Like the preacher said—love your brother, love your sister.
I did not cross the threshold of many churches when I was a boy, I guess because I was afraid the aisle would crack wide open and flames would shoot into the air. We mostly went for the Christmas play and for dinner on the grounds. Still, I like to remember it, remember black suits over white socks and grandmothers with arms full of fat babies and giant purses stuffed with butterscotch candies and Juicy Fruit. I remember how pretty the hymns were, even if Sister So-and-So could not carry a tune in a wheelbarrow, bless her heart. I remember how the old people raised their hands as they sang “I Saw the Light.” I figured they were waving at angels only they could see. I even remember the sermons, how men in clip-on ties stood before their congregations on a low dais, to show they did not think they were somehow better than us. I can still see them raise tattered Bibles to the rafters and preach on human kindness and peace.
This was the 1960s in an all-white church in Alabama, and in the turmoil of that time, those men of God could have preached politics, could have used their modest pulpit to stroke the resentments of the place and time like a mean cat. They chose to do otherwise. They did not give in to expediency, to opportunism. They preached, instead, about loving your brother and your sister. They asked us to be generous if we could, to help the sick and poor. They also preached on hell, of course.
It may be that it didn’t take, in the long run. But it was perhaps the first time I understood the power of words and formed a belief in my people, which I have retreated into when I was hurt to my bones by the rhetoric of this new, New South. I guess nostalgia is our sanctuary in sorry times.
Like many people, I watched in sadness and disgust as the images from Charlottesville, Virginia, flickered across my television, watched a man steer his car into a crowd of counterdemonstrators, killing a young woman and wounding many others. I am told these white nationalists believe they are justified in their actions, by the rhetoric of demagogues old and new, and are encouraged by their modern-day leaders who don’t hide in the dark woods but live in the political spotlight.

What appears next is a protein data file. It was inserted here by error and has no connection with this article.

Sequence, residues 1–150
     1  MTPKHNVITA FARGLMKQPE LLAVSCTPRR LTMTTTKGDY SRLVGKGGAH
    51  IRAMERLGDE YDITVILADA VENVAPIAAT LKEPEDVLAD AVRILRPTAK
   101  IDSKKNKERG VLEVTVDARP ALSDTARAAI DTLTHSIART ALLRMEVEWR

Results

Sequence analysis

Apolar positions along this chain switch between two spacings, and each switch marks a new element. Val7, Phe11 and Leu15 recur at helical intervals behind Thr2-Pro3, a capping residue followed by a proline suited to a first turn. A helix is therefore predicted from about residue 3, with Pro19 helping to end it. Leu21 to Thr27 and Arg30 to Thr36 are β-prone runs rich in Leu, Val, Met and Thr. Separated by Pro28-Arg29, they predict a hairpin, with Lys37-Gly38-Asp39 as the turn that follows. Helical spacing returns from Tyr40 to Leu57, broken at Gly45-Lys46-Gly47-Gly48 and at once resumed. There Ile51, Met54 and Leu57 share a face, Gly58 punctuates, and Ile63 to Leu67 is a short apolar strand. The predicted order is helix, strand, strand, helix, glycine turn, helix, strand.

I don’t write much about politics or news here; this magazine is, in its own way, a refuge. But I recognize evil when I see it, and stupidity, and banality. I hear many of the people who marched in Charlottesville were Southern men, but I didn’t know them. I saw men in custom-molded neo-Nazi helmets and designer flak jackets and hundred-dollar aviator glasses. It used to be that all they needed to dress up to hate was a good white sale. Southerners should be angry to be dragged down among them, by even the vaguest association. We can say that’s not happening, but it is.
WATCH: Rick Bragg on Southern Writing
I did not grow up gentle, or much enlightened. I grew up in an everyday racism; the Confederate flag license plates that rode on the front bumpers of our pickups hurt others like a thumb in the eye. It took me a while to get it, but it came to me, even as a boy. I do not need a statue or flag to know that I am Southern. I taste it in the food, feel it in my heart, and hear it in the language of my kin. It may be that I only remember this through the eyes of a boy, but I believe I heard the best of who we are in those sermons in that little bitty church.